Apparently, my type signature was off. I've since found out why. Now, I'm interested in knowing more about the GHCI inferred signature on my typo. I was trying to get this code to work:
elemNum :: (Eq a, Num b) => a -> [a] -> b
elemNum e l = f e l
where f _  =  -- this was my typo, supposed to read 0
f e (x:xs)
| x == e = 1 + f e xs
| otherwise = f e xs
It obviously doesn't work for the reason noted above; but, if I remove my signature it compiles (not sure why, please explain), and I get this signature:
elemNum :: (Num [a], Eq t) => t -> [t] -> [a]
I've never seen the typeclass
Num [a] before.. What does that mean, and how does it compare to
(Num a) => [a].
Num a means that the type
a can be treated as a number; eg. you can add two
as together to get a new
a or you can negate an
a and get an
Double fall into this category.
Num [a] means that the type
[a] can be treated as a number. I.e. you can add together two lists of
a to get a new list of
a. This is very unlikely to be meaningful because no lists are numbers (by default). It means that you are treating a list like it is a number, causing GHC to conclude that you must want your list to act like a number, and thus adding an appropriate constraint.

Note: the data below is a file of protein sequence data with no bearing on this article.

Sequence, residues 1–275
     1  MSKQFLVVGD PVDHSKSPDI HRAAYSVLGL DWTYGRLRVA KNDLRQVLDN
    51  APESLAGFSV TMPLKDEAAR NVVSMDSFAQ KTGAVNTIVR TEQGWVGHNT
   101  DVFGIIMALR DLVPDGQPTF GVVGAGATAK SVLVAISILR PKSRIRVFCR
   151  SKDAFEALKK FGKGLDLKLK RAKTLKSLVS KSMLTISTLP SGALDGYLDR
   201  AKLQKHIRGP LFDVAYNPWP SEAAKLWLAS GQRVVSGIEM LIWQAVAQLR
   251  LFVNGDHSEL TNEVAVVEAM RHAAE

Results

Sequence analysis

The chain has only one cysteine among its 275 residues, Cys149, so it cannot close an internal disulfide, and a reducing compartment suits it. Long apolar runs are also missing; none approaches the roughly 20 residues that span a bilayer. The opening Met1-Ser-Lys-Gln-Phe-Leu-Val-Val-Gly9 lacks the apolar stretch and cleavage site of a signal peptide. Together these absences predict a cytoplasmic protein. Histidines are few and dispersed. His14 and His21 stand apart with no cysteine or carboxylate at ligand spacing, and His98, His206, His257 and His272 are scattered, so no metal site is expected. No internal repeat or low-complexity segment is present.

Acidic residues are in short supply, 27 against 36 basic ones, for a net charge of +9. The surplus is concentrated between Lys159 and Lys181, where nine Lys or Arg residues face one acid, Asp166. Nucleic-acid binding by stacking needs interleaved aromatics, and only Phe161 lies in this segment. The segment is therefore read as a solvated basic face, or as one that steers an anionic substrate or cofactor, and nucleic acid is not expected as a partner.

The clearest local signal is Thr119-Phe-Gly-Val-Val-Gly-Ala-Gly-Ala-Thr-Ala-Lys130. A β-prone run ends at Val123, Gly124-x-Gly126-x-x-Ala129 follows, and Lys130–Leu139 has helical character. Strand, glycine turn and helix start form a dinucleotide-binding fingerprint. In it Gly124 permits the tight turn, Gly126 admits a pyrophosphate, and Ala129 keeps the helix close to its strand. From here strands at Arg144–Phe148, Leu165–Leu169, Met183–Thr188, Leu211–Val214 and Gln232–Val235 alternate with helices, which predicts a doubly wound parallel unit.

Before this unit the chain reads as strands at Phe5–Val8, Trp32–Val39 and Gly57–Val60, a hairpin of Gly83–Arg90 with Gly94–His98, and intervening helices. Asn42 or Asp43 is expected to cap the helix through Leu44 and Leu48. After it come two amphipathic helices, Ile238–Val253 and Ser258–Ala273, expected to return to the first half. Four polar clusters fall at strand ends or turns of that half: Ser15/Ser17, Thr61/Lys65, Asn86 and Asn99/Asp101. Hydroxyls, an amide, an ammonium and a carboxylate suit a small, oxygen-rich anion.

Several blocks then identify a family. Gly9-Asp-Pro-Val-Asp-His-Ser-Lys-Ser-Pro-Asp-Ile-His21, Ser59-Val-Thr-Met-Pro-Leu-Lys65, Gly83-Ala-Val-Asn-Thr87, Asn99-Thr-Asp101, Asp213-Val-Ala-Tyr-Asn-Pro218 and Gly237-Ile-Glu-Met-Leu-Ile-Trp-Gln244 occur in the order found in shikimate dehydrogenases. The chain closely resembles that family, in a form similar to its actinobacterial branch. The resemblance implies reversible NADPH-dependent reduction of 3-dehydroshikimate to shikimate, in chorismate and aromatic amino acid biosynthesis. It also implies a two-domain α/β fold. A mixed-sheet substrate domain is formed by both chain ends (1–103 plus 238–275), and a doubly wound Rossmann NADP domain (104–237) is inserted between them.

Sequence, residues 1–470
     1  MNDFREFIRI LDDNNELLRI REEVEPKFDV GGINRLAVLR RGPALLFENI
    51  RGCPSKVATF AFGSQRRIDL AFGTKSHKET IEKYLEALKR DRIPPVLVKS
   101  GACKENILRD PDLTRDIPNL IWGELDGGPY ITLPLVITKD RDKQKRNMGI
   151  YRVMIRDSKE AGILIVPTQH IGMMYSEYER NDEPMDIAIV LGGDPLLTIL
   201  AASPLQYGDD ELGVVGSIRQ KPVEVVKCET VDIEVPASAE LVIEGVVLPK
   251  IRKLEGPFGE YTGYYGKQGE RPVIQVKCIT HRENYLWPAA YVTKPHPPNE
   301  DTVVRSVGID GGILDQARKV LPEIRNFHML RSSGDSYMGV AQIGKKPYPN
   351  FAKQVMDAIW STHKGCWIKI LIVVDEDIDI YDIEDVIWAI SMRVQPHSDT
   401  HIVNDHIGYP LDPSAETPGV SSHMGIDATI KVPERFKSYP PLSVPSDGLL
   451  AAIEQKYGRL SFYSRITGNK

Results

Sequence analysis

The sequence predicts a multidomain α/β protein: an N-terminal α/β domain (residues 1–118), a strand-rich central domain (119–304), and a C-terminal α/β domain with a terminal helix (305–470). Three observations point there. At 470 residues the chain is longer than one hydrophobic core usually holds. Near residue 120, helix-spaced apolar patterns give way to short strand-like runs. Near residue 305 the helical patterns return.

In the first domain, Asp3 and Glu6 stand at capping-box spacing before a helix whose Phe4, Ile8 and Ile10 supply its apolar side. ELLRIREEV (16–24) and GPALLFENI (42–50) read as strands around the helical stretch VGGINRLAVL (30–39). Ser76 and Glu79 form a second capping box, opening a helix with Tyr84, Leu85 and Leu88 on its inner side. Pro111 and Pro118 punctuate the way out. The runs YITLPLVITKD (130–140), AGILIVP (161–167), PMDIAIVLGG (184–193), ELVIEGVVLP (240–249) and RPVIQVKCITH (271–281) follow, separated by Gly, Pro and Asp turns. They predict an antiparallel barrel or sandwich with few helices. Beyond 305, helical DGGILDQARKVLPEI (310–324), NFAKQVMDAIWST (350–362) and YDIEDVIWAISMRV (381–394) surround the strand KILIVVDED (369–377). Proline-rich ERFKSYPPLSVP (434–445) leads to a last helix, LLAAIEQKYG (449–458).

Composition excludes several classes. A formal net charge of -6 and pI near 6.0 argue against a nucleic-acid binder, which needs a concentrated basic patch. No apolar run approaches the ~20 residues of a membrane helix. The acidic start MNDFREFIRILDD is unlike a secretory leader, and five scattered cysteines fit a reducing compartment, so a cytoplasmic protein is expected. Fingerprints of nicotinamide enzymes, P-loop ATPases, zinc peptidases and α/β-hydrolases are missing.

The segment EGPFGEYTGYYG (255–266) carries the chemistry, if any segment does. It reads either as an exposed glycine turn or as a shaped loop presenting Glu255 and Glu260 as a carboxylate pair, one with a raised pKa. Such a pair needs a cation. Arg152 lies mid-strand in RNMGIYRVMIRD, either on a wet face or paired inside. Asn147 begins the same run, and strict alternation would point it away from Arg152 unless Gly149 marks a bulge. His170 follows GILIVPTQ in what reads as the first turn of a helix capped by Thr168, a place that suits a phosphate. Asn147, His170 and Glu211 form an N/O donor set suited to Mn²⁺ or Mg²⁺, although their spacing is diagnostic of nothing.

Such a constraint might arise from a function like:
foo (x:xs) = xs + 1
xs is pattern matched as the tail of a list, and thus is itself a list, and then you are adding to it, treating the list as a number.
Num [a] constraint means that list is instance of Num type class.
foo :: Num a => [a]
is list of values which are instances of Num type class
bar :: Num [a] => [a]
is list of values which is instance of Num type class by itself. This means that you can use all functions from Num and construct lists from numeric literals so following code is valid although requires FlexibleContexts
bar :: Num [a] => [a] bar = 42
P.S. You don't need helper function here. elemNum e l = f e l ⇒ elemNum = f. So you can write your function as
elemNum _  = 0 elemNum e (x:xs) | x == e = 1 + f e xs | otherwise = f e xs